“It’s not ideal for every student,” said Makuakane. She credits her work schedule; she worked seven days and then had seven days off. “So I did a lot of school work during my week off…it helped me get ahead on what I could so I didn’t have to stress when I was at work,” said Makuakane.
And that wasn’t all. “My first semester, I was pregnant,” said Makuakane. “I gave birth to my son the week of Thanksgiving—the week before finals—with the support of family and faculty at Idaho State and SLCC. All my instructors were flexible with my family situation.”
After two semesters, Makuakane completed all of her prerequisites and earned her bachelor’s degree. “I was lucky,” said Makuakane. But luck doesn’t account for it all. Makuakane worked hard to balance caring for her family, working to provide for her family, and a substantial university credit load. And that was just the beginning.
By the time Makuakane applied to PA school, she had five children. So she and her husband sat down and talked about options for PA school.
She explained, “Some people apply to as many PA schools as they can, but I didn’t want to do that and be unhappy living somewhere we didn’t want to live. I picked schools that would be a good fit for the family and where we wanted to relocate to and raise a family.”
Having lived in Utah their whole lives, Makuakane and her family decided to only apply to schools outside of Utah to allow their children to experience life outside of the Beehive State. Then ultimately, she decided to apply to Rocky Mountain University of Health Professions (RMUoHP) to keep at least one Utah option.
During the onsite interview for the Master of Physician Assistant Studies (MPAS) program at RMUoHP, Makuakane was feeling frazzled. Her one-year-old son had been hospitalized with meningitis and was discharged the night before the interview and her husband had been traveling for work.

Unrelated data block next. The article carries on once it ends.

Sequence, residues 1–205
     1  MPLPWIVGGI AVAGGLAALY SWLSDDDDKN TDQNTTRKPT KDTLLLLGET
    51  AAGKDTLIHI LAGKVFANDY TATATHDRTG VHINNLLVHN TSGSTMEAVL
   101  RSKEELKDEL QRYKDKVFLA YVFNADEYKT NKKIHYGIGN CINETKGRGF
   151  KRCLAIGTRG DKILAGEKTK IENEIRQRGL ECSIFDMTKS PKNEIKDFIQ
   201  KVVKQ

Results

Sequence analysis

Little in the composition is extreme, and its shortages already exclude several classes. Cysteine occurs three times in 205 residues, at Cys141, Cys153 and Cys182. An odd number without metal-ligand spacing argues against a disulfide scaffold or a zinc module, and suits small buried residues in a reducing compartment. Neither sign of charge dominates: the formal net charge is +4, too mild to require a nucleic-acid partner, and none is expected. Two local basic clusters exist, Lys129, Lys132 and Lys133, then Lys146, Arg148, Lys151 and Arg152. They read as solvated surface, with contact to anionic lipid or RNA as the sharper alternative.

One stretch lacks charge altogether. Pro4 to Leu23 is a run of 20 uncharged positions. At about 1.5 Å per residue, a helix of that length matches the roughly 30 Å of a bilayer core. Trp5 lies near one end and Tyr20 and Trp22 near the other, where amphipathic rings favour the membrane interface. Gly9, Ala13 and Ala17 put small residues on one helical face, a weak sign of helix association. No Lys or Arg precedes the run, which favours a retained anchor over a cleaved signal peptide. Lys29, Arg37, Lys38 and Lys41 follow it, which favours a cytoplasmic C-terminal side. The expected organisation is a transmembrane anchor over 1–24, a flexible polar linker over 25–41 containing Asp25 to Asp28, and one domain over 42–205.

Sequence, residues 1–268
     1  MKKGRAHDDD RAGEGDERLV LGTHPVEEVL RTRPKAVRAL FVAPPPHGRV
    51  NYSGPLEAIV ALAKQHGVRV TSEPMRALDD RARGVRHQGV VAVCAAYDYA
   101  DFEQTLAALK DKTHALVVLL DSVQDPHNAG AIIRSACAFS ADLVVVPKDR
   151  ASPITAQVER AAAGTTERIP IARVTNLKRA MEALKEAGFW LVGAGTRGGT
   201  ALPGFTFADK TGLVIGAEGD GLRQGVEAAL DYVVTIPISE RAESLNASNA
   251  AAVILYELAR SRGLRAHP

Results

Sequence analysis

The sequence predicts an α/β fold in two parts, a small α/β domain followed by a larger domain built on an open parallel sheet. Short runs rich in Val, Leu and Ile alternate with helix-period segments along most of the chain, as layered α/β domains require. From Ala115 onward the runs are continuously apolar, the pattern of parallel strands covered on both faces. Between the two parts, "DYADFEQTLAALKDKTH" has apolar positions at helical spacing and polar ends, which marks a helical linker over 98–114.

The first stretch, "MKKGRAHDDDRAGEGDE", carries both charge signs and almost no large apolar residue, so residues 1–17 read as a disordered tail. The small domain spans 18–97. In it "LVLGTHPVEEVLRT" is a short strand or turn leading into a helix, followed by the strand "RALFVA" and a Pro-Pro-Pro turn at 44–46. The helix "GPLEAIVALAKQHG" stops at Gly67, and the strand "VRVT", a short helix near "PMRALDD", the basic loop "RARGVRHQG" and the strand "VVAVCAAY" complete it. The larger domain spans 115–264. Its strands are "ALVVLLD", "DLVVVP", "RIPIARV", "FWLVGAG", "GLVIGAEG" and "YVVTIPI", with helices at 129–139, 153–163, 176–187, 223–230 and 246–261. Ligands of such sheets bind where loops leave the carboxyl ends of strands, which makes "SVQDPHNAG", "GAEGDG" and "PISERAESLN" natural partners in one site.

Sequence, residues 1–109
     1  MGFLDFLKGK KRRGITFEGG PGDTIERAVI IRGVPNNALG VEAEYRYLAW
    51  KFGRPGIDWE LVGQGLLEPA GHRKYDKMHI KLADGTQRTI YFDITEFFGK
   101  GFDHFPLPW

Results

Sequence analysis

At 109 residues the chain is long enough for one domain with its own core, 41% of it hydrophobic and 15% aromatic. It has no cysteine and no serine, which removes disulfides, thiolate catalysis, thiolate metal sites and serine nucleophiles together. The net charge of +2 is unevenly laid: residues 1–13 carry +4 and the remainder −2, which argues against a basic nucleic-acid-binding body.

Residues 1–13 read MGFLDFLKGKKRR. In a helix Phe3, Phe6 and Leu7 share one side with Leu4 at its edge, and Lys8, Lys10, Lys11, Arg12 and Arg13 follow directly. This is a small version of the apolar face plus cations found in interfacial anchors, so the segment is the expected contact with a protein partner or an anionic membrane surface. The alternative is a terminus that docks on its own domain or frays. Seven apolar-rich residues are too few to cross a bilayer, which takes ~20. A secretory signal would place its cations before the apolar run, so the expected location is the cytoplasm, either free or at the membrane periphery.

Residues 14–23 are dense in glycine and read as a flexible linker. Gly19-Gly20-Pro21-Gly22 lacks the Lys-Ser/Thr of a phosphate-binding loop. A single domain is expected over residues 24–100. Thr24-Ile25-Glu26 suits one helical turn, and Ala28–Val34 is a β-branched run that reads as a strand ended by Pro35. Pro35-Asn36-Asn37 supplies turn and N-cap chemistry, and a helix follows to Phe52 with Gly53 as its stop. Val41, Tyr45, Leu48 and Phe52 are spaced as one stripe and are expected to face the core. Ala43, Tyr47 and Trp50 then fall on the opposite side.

Before going into the interview, she decided not to tell anyone about what was going on in her personal life. “I didn’t want sympathy acceptance or them to know that I had personal challenges that might interfere with my success in school.” Walking in resigned, Makuakane said to herself, “If I flop, this is good practice.”
But Makuakane was surprised. “The faculty were so amazing that it helped distract me from what happened at home. It’s ironic because RMUoHP was the one place I didn’t want to go with it still being in Utah. But I felt so comfortable that I knew if they offered me a seat, I would accept.”
When Makuakane got the acceptance call, she accepted and enrolled.
“The first two weeks were the hardest,” said Makuakane. “I cried more than I ever have in my entire life.”
Makuakane would get home late from school and then her husband would go to work a graveyard shift. “So I’d come home and he’d go to work, and I’d be frustrated constantly because I had to study…I yelled a lot at my kids. I felt like a terrible mom.”
With five children to care for, a husband working graveyard, and now an advanced graduate degree course load, it all became too much.
So Makuakane made a decision. “I came home from school every day and I was mom. I was mom until 9 p.m. Then when they went to bed at 9 p.m, I went to bed. I woke up at 3 a.m. and studied until 5 or 6 in the morning.” Then she went to school.
They decided that her husband would quit working while she was in school, so their family of seven had to live entirely off of student loans. “That was rough. Because there were financial challenges, we had to consider cutting back on things,” said Makuakane.
Her children had to give up playing sports or find sponsors to pay the fees. They downsized their home and cohabitated with family to split living expenses. “There were a lot of sacrifices we had to make,” said Makuakane.